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State senators gave final approval Wednesday to legislation supporters said enhances religious freedom while foes argue it will give people an ability to use their beliefs as an excuse to discriminate.
A new statewide survey suggests that if Arizonans were asked about it today, it's more likely that gay couples would be able to marry here.
President Obama’s new “religious tolerance” consultant to the Pentagon, Mikey Weinstein, wants Christian military service members who openly talk about their faith in uniform to be charged with treason, which is a crime punishable by death according to military law.
“The richest American company Apple is going to borrow billions & billions to run the company, probably from themselves because you don’t have to pay taxes on borrowed money. While a venter worries about the homeless defecating and urinating in Mesa. When is congress going to stop these wealthy corporations from defecating and urinating on America.”
A groundbreaking civil union ordinance in the southern Arizona city of Bisbee will lose much of its punch after Arizona Attorney General Tom Horne on Monday said he's reached an agreement in principal on changes that will remove his opposition and a threat to sue to block it from taking effect.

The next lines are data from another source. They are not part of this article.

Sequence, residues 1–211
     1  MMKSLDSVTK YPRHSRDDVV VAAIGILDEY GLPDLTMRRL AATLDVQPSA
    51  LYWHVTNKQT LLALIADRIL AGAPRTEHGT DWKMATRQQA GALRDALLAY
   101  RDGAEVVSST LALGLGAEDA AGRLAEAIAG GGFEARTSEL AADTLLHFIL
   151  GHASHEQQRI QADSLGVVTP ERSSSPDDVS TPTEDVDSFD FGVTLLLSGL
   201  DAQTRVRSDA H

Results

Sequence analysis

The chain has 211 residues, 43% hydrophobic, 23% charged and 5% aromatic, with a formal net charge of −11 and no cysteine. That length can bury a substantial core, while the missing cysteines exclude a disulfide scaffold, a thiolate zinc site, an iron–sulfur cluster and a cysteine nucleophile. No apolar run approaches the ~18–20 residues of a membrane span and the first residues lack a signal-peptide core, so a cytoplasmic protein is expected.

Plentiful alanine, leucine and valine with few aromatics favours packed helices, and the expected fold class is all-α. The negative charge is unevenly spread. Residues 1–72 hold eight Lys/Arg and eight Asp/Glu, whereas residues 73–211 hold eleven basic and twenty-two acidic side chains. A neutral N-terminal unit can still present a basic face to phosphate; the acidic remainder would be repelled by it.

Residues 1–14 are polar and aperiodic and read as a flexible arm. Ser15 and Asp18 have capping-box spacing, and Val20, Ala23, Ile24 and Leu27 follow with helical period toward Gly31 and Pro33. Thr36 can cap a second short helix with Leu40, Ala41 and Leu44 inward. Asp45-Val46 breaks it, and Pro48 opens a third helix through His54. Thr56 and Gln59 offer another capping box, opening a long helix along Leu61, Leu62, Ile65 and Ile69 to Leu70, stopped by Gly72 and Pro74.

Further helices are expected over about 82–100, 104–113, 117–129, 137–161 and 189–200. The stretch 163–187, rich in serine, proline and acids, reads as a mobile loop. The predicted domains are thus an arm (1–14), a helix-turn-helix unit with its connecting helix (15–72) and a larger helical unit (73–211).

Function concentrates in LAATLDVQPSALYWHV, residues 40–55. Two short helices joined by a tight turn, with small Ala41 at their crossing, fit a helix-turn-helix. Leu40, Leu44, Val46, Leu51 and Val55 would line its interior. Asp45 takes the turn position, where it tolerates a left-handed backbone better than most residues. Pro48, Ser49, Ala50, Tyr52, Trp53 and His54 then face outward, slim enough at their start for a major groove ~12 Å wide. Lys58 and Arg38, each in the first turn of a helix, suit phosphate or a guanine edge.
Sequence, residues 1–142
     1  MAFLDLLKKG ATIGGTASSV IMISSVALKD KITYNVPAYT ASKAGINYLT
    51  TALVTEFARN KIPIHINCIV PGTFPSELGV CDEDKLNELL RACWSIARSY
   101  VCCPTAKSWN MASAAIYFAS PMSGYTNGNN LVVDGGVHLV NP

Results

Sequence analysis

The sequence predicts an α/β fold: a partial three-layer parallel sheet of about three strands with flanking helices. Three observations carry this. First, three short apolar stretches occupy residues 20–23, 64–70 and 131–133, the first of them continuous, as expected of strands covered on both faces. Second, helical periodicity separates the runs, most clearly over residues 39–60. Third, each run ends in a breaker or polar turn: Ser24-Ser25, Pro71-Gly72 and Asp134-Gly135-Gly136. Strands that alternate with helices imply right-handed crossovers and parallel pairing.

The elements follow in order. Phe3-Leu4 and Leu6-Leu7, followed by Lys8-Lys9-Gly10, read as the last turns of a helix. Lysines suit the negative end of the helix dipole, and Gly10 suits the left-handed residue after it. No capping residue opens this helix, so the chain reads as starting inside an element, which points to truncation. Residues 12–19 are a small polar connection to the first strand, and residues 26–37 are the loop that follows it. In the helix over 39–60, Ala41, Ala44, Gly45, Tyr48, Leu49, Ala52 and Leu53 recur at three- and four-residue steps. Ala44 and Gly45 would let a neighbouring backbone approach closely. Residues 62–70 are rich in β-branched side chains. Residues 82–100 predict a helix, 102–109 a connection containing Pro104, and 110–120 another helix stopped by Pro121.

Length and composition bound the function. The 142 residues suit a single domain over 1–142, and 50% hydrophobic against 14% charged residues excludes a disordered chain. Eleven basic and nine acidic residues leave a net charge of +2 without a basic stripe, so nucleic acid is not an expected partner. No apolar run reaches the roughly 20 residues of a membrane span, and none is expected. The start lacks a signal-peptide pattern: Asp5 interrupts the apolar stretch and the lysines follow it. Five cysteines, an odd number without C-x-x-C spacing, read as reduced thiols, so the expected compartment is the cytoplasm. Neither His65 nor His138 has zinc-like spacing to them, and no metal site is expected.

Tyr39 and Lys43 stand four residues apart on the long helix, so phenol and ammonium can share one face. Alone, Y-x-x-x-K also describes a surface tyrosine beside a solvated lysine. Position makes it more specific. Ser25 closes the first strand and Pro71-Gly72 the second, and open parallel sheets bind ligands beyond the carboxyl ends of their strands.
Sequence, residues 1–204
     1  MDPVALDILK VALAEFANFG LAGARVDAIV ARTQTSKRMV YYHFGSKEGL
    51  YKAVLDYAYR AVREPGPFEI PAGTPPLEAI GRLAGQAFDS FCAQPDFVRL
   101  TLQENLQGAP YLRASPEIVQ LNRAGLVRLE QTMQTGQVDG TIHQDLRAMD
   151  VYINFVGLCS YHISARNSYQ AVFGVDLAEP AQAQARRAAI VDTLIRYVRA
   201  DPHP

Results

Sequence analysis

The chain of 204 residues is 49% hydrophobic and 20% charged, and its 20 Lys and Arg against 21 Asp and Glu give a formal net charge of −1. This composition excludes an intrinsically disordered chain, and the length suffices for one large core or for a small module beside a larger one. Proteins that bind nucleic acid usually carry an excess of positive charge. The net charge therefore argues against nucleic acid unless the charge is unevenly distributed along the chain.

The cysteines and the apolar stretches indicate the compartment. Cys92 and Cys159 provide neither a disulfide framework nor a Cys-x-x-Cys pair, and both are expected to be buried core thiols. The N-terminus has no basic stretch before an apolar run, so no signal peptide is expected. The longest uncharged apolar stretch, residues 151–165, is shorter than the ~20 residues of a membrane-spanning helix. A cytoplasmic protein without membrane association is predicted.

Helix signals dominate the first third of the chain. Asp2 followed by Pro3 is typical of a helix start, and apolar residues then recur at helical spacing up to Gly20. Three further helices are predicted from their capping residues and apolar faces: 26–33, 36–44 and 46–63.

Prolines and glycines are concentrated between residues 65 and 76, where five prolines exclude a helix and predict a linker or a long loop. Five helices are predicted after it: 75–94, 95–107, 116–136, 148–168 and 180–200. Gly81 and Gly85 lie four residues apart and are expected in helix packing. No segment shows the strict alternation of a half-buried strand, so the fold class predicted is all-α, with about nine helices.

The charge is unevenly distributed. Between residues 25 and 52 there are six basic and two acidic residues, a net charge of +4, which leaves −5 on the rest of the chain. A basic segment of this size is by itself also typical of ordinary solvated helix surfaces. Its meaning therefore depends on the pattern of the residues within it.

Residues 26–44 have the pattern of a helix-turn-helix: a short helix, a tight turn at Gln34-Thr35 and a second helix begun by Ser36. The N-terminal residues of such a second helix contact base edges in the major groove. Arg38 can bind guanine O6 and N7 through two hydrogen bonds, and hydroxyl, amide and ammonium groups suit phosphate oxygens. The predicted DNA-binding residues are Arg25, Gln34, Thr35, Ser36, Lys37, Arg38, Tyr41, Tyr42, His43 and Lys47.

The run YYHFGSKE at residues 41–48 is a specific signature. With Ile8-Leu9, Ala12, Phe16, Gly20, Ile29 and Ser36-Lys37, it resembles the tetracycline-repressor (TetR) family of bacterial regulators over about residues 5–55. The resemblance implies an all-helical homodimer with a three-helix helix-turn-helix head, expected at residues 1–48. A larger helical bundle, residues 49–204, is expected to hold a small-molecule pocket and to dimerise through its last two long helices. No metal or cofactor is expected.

Hats off to the City Of Bisbee! Voting to legalize civil unions within its city Limits speaks volumes for an issue that is not going to go away. Attorney General Tom Horne wants to again waste time and taxpayer dollars on an issue he is going to have a hard time fighting. This is not about gay marriage it is about civil unions. Better yet rights of people that are in civil unions. This again will point to Discrimination something very familiar with the Courts coming from Arizona. Pure rights of citizens of Bisbee that are in civil unions. The State of Arizona will lose again and taxpayer dollars will again be wasted.
An Arizona congressman whose son is homosexual says he isn't ready to support gay marriage.